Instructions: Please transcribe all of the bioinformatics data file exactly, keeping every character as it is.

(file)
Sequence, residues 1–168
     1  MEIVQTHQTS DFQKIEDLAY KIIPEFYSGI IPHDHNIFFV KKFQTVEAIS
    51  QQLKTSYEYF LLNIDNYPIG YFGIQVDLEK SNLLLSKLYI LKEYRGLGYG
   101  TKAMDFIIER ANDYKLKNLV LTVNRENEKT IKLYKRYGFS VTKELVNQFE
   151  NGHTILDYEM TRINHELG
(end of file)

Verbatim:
Sequence, residues 1–168
     1  MEIVQTHQTS DFQKIEDLAY KIIPEFYSGI IPHDHNIFFV KKFQTVEAIS
    51  QQLKTSYEYF LLNIDNYPIG YFGIQVDLEK SNLLLSKLYI LKEYRGLGYG
   101  TKAMDFIIER ANDYKLKNLV LTVNRENEKT IKLYKRYGFS VTKELVNQFE
   151  NGHTILDYEM TRINHELG